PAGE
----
Battlefield Earth: A Saga of the Year 3000

Battlefield Earth was the sort of film that needed to grossly exceed expectations if it was ever going to do well. An adaptation of L. Ron Hubbard’s book of the same name, critics were already suspicious that it was just going to be a Scientology propaganda machine. In retrospect, it looks like they were being a bit too hopeful.

A quick plot summary: the film takes place a thousand years down the line (indeed: the full title is Battlefield Earth: A Saga of the Year 3000), where an alien race called the Psychlos have taken over earth and are mining it for profit, while mankind is on the brink of extinction – a fact that the intertitles remind us of twice in the first five minutes. During the course of the film, our human heroes are trapped, used for manual labour by the Psychlos, and eventually mount a resistance and destroy not only the Psychlo colony but their entire home world, thus making the entire moral point of the film completely murky by having its heroes commit genocide (oh, and the complete obliteration of a planet – we’ll come to that in a second).

The one merit of this film, and it’s one that a lot of people picked up on, is that the visual effects are stunning. Ignore how they’re filmed, and they’re fantastic; the CGI spaceships that dominate the bleak skyline, the elaborate sets, and the sweeping shots of the “dome” where the Psychlos live are all brilliant, if totally unoriginal – as it happens, it just looks like they’ve imagined the world of Blade Runner a few hundred years later, where the buildings are derelict and the only lighting available is unnecessarily harsh.

The good stuff stops there. The obvious thing to pick up on is the atrocious acting from everyone involved: John Travolta’s scenery-chewing freak of an alien overlord/Head of Security stands out the most, with brilliant lines like the drunken “while you were still learning to SPELL YOUR NAME, I was learning to conquer galaxies!” and “If man-animal likes his rat uncooked, that makes our job all the more easier!” You wonder what he thought he was achieving by half-screaming every single line; his role transcends villainy and ends up just being mental.

Not that he’s the only one: pretty much every character in this atrocious mess is horrifyingly insane, whether it’s the good or bad: Forest Whitaker looks stoned for the entirety of the film, the hero (played by Barry Pepper, in a way that raises the instruction to “look as desperately emotional and on the edge as possible in every single scene, especially the tender emotional ones” to new and undiscovered heights) and the supporting cast are either pathetically insignificant or one-dimensional and nuts.

Another quick note on the cast – it’s almost universally male. There’s a female love interest on the good guy’s side, but she gets around six lines and her only function is to be rescued by the hero; on the aliens’ side, John Travolta’s wife gets a cameo as a slutty alien with a huge tongue (I’m not kidding), but beyond that women are grossly underrepresented. This’d be fine if it was making a point, but it’s not: Whitaker’s character even goes to the lengths of saying “I’m gonna fire all my wives, and buy new ones”, and it’s clear that we’re supposed to find it funny in a sort of hurr-durr, Jeremy Clarkson way; it just comes across as grotesque.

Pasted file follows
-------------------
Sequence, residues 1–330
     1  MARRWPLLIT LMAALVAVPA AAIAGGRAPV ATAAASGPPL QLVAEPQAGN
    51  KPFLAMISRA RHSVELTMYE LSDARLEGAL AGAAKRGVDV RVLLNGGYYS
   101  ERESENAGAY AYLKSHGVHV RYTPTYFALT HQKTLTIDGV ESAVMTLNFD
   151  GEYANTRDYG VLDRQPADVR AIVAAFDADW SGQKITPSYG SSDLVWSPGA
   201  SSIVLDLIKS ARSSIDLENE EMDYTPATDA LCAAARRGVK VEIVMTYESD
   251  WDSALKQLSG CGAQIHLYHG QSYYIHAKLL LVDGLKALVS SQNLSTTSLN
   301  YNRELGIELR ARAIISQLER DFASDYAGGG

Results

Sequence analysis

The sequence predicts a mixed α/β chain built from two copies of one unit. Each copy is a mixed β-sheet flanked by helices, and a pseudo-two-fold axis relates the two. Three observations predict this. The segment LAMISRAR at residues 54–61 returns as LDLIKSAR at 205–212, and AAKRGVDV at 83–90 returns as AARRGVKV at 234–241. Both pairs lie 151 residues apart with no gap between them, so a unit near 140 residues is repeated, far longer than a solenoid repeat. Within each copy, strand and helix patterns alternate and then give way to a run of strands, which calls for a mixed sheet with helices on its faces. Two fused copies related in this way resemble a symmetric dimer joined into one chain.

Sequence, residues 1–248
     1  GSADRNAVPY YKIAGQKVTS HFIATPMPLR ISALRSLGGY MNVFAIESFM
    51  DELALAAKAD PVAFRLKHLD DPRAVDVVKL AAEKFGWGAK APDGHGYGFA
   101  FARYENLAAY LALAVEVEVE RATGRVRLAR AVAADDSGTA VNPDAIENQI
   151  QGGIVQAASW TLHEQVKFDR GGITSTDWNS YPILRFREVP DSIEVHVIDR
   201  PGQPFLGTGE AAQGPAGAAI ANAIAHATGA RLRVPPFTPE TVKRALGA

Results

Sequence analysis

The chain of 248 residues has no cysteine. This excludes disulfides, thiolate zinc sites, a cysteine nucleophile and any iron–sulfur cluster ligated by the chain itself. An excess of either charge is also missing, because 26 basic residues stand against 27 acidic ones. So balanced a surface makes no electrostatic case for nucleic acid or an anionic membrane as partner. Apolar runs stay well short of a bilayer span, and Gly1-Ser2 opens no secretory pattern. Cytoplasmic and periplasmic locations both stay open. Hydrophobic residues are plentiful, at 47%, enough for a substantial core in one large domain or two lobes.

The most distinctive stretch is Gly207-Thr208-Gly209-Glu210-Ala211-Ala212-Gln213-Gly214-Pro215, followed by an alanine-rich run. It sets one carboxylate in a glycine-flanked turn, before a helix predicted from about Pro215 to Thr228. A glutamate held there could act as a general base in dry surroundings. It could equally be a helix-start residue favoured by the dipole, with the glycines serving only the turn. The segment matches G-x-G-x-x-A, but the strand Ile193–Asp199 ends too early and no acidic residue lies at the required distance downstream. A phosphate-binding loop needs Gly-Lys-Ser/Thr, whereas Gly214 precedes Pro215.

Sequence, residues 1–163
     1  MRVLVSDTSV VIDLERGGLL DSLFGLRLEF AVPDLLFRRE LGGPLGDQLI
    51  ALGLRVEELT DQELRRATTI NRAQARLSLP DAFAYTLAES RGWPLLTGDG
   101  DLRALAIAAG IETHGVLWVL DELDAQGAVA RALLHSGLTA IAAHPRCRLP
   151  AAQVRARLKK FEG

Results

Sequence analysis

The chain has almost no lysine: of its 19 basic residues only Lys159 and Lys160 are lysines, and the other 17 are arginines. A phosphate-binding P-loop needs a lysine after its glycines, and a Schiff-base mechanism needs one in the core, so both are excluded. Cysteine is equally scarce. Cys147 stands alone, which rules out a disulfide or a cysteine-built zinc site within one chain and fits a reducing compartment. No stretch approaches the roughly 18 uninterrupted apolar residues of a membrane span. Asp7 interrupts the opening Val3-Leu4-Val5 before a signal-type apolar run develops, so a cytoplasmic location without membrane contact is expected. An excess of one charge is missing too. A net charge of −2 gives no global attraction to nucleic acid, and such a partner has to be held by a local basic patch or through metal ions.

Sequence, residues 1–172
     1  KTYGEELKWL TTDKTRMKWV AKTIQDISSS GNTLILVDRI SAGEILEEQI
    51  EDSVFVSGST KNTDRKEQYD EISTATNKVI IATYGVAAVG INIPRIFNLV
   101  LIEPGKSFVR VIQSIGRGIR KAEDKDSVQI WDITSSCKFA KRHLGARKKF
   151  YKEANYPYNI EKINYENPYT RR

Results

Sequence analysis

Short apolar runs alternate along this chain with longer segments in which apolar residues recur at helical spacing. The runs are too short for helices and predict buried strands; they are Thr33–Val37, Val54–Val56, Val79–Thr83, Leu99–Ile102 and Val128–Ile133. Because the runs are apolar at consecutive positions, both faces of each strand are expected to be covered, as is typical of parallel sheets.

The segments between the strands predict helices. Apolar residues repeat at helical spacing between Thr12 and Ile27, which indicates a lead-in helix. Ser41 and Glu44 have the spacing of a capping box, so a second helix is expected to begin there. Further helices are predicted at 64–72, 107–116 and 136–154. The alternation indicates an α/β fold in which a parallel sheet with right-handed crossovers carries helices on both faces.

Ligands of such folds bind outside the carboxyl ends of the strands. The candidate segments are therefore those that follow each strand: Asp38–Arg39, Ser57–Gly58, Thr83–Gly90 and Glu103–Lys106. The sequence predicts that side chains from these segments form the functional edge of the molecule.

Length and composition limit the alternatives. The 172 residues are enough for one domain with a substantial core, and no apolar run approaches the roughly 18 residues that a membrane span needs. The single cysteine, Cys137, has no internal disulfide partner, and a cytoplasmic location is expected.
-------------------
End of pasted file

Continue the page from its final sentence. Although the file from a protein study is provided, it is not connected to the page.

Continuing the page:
Throw in the fact that it hilariously takes place for the most part in Denver (no, seriously – a big centrepiece is in the ruins of Denver Library), that you know the ending after three minutes, that the best visual elements borrow heavily from Blade Runner and Logan’s Run, that it’s grossly violent but contains no blood whatsoever, that every single shot is filmed from a ridiculous angle, and that there are huge plot holes – nerdy, but would universe-conquering aliens really attribute Euclidean geometry to Euclid? – that the aliens just look like really ugly humans, that the authority is referred to as the “Home Office” (as a politics nut, the line “the Home Office does not make any mistakes” had me chuckling), and that despite it being completely insane it’s the least compelling film you’ll ever watch, and this all makes Battlefield Earth the sort of film that not only deserves to be scorned; it’s not even worth elevating to the level of “cult classic”. That’s the saddest part of this film; despite everything, it just feels like a waste of time.

That said, Travolta does shoot the leg off a cow. That part was fun.


  1. I didn’t like it the first time, but on a second viewing, a couple of years later, I really enjoyed. I guess it aged well. The book was great read, though.


  2. Agreed, the book is a great read. I missed the movie when it came out some years ago as I don’t like seeing movies based on books.


  3. 5 Dec ’10 at 3:47 am

    Champagne Conservative

    oh god. Why did you have to remind me of this film?
    I’ve spent the past few years determinedly trying to expunge it from my memory- now you’ve set off the flashbacks at vertigo-inducing camera angles all over again.

    Git. D: